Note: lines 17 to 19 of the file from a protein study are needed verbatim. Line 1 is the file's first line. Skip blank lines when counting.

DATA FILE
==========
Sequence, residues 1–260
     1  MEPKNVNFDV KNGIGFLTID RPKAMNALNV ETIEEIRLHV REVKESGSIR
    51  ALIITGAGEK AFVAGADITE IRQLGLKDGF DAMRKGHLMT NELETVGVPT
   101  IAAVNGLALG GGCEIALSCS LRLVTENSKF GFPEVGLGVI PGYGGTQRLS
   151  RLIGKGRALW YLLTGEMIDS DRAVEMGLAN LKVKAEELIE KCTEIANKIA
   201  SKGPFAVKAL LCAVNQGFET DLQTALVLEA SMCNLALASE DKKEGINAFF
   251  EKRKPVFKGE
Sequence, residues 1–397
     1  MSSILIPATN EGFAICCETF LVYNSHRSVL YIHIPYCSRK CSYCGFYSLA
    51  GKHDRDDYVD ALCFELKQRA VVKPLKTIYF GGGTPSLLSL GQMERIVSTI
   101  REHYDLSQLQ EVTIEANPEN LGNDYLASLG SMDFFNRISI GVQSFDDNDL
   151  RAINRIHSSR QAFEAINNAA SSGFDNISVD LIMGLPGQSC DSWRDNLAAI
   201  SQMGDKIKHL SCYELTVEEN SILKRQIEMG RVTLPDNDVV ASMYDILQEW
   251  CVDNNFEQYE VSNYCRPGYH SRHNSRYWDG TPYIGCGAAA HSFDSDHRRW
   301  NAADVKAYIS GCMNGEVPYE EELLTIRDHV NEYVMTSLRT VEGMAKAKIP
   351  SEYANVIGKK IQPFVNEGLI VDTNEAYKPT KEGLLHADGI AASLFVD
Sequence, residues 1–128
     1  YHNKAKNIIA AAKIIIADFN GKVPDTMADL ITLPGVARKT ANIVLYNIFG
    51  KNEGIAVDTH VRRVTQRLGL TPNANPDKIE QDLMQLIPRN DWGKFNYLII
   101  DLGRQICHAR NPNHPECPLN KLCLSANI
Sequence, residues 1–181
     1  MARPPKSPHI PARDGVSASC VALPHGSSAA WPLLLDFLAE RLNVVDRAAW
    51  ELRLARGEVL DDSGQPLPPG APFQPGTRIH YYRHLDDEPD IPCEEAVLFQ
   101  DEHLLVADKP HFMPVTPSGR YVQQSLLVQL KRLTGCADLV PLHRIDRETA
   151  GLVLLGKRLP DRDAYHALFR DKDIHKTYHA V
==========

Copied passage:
Sequence, residues 1–128
     1  YHNKAKNIIA AAKIIIADFN GKVPDTMADL ITLPGVARKT ANIVLYNIFG
    51  KNEGIAVDTH VRRVTQRLGL TPNANPDKIE QDLMQLIPRN DWGKFNYLII